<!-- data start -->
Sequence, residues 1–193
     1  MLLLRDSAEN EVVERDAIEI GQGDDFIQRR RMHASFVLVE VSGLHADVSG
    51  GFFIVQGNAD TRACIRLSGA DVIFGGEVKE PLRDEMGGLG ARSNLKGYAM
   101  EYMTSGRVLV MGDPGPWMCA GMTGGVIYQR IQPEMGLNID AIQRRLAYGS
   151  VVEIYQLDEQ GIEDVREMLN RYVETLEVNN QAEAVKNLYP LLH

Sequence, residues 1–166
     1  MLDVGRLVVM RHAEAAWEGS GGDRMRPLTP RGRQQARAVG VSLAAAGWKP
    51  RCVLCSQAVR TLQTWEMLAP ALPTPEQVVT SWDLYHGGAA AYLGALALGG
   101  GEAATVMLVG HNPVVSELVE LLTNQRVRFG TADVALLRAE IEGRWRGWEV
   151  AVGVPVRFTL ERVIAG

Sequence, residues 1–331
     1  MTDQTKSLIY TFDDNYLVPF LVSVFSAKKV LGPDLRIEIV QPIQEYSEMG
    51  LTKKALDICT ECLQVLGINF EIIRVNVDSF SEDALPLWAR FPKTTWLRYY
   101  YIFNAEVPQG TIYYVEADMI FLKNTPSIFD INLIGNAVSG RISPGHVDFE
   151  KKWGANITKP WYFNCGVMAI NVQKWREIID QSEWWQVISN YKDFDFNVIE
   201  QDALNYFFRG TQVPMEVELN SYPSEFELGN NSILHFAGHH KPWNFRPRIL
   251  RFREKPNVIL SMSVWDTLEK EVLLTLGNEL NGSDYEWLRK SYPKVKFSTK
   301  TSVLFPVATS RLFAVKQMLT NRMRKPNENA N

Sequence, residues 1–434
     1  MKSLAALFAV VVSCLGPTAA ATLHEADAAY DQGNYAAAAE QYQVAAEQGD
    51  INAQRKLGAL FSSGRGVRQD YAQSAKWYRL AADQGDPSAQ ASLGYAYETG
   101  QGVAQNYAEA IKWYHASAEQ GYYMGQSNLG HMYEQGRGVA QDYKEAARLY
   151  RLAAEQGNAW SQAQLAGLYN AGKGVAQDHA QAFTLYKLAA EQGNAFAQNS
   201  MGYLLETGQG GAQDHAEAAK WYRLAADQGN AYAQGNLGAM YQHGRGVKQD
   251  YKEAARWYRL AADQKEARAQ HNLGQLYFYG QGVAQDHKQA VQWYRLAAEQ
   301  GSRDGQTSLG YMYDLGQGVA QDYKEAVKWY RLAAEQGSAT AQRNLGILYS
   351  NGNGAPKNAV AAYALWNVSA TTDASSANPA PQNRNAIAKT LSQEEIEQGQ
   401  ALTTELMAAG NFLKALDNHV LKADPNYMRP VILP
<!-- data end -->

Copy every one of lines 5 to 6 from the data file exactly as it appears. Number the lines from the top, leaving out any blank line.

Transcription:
   151  VVEIYQLDEQ GIEDVREMLN RYVETLEVNN QAEAVKNLYP LLH

Sequence, residues 1–166